Creating Feedback began when I (Kristina) finished the first draft of my first novel. By then I’d read over 50 how-to-write and how-to-self-edit books. I’d taken writing courses and workshops, and had 100s of writing and rewriting tips swirling about in my head.

I knew I had to begin the rewriting process and improve the quality of my draft before sharing my work but I didn’t know how to go about it..

HOW TO REWRITE?

How was I supposed to remember the torrent of advice and apply it to each scene? A spreadsheet, that’s how!

I created a spreadsheet with a chapter-by-chapter, scene-by-scene structure. Then I listed the different writing advice I needed to consider for EVERY scene. I ended up with over 75 “key elements of fiction”. I used the reports from the spreadsheet to visualize my novel.

VALIDATION

After the hard work of self-evaluating and rewriting my drafts, the high quality of my fiction was validated when my first two novels were shortlisted for prestigious crime writing awards and I landed my publisher (Imajin Books).

My first editor said: “If every manuscript was this good, my job would be so easy!”

The next exciting moment came when DESCENT, my first novel, hit #1 on Amazon’s hot new releases. I’ve since sold the German rights to Luzifer-Verlag for publication in Germany. Imajin Books also published BLAZE and AVALANCHE.

THE SEARCH

Along came Michael with MAXWELL HUXLEY’S DEMON and THE RIGHT TURN, and we ran the same spreadsheet on his novels. By this time we’d covered the mystery, horror, and young adult genres.

Surely we weren’t the first authors to struggle with rewriting our first drafts, so we searched for an app to address our problem but found nothing. We did discover that many writers struggled with rewriting drafts and ended up using tools such as spreadsheets, whiteboards, or yellow stickies.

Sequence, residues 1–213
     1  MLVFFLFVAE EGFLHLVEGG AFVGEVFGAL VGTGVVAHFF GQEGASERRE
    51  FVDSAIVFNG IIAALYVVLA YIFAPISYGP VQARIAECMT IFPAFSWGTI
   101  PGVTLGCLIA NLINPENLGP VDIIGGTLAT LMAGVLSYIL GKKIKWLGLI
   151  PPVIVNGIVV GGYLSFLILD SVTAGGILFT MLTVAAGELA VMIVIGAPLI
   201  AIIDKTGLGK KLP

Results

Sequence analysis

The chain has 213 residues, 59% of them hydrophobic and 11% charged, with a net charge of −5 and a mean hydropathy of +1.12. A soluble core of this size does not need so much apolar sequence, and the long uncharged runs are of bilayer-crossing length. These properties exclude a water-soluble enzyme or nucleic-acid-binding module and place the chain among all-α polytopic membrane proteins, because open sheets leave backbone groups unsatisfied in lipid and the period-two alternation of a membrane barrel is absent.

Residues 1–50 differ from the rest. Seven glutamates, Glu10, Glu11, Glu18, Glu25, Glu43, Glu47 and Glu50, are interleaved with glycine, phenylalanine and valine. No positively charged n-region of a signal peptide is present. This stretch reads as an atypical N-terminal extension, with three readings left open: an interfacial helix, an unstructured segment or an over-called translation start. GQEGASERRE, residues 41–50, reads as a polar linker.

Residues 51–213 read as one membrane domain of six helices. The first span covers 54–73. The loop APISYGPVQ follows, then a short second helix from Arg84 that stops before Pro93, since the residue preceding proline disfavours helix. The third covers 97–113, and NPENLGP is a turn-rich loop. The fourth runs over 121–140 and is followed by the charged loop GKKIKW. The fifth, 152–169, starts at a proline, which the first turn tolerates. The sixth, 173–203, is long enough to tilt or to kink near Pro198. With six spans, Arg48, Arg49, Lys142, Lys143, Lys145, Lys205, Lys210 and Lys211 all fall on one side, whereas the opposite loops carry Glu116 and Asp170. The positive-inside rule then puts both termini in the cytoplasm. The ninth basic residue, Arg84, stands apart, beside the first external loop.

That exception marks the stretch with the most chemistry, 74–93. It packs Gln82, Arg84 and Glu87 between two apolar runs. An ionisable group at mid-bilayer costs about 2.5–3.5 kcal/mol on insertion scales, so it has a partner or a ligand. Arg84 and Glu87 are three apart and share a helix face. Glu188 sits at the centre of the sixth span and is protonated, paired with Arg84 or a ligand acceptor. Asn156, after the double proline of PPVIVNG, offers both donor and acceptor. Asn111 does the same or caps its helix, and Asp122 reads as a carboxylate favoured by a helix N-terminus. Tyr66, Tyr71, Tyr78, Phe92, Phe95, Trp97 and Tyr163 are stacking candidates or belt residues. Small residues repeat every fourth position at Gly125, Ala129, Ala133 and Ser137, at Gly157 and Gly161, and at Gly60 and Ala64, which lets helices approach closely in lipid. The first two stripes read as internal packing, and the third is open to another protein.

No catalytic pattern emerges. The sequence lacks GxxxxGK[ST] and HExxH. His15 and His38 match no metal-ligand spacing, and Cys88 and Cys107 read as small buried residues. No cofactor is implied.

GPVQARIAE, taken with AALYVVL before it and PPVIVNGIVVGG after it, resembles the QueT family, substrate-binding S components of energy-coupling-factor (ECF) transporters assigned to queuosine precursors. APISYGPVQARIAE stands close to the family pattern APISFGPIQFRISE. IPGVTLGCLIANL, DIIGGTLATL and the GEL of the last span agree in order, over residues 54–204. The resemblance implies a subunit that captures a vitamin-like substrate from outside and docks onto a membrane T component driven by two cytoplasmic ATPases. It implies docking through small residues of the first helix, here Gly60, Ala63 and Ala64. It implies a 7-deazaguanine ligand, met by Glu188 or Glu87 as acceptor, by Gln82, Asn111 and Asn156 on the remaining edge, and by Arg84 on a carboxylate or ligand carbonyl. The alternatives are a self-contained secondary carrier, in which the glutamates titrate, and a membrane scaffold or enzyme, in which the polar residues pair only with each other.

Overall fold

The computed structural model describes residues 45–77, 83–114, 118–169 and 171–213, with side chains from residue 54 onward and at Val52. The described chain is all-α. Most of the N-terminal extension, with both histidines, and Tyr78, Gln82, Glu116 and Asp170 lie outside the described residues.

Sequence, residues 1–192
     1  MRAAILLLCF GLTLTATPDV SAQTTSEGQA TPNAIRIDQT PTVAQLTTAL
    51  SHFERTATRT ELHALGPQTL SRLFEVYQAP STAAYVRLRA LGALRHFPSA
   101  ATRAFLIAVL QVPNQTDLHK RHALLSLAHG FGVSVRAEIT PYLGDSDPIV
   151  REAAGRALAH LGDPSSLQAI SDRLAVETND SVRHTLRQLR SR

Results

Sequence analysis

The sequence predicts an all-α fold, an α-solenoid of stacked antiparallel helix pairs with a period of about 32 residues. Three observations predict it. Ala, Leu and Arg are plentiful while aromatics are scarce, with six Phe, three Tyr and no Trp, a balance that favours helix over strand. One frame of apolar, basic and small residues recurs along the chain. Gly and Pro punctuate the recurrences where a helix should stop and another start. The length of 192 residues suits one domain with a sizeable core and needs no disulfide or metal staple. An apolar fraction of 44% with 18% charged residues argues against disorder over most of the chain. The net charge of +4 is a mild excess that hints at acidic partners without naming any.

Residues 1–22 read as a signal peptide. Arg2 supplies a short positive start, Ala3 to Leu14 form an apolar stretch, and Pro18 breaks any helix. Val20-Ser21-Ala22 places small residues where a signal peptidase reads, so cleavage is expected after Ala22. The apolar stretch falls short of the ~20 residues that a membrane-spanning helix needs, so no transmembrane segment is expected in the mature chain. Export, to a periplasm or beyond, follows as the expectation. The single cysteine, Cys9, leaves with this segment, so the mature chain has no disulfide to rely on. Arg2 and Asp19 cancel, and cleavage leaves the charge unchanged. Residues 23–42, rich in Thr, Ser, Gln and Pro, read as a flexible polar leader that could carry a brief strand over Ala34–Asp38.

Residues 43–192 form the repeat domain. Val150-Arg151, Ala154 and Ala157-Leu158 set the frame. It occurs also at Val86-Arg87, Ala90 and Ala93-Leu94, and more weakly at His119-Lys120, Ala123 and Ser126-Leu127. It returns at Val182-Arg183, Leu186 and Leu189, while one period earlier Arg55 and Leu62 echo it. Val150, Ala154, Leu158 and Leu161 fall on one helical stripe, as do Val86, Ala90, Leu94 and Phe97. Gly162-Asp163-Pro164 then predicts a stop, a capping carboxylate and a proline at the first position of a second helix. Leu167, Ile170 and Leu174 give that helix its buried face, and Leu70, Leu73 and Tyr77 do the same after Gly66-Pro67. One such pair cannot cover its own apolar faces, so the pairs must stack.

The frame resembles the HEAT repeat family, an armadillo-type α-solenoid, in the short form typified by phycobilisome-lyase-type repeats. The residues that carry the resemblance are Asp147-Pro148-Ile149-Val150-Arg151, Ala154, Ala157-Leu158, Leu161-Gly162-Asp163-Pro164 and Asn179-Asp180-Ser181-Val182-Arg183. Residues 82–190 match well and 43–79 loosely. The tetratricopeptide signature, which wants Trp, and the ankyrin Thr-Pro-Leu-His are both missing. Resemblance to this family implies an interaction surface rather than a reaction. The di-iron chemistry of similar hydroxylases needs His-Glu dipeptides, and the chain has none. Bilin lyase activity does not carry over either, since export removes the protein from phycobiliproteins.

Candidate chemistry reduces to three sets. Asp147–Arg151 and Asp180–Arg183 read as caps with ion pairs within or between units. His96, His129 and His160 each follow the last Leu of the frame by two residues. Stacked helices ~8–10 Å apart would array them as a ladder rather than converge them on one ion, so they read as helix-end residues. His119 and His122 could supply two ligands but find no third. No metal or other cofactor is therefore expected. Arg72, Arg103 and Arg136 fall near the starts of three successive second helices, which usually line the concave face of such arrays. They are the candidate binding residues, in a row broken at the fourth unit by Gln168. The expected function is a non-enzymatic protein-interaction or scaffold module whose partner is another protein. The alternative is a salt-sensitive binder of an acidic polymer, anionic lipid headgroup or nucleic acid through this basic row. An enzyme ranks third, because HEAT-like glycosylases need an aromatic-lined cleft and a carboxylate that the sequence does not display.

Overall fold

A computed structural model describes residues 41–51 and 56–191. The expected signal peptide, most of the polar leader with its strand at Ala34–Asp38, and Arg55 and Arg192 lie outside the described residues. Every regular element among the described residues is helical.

THE IDEA

That’s when it hit us. We thought other writers could benefit from our immediate approach to evaluating and rewriting first drafts.

The excitement was too much for Mathew to sit by and watch, so he decided to get involved. He knows technology and how to run a business.

THE PROTOTYPE

Michael, Mathew, and I worked on the concept and developed the prototype for Feedback

Now, we’d love to hear from you, understand your rewriting issues, and incorporate your ideas into Feedback.

Our goal is to launch Feedback in the spring of 2017. In order to create an app that is truly useful to writers, we’d like your input on building Feedback. By signing up to our newsletter, we’ll send you updates on the development progress and ask you the occasional question to help define the product. As a bonus, we’ll send you rewriting tips available only to our subscribers.

Show your support by helping us spread the word and share this post.

Your support means a lot to us, so thank you!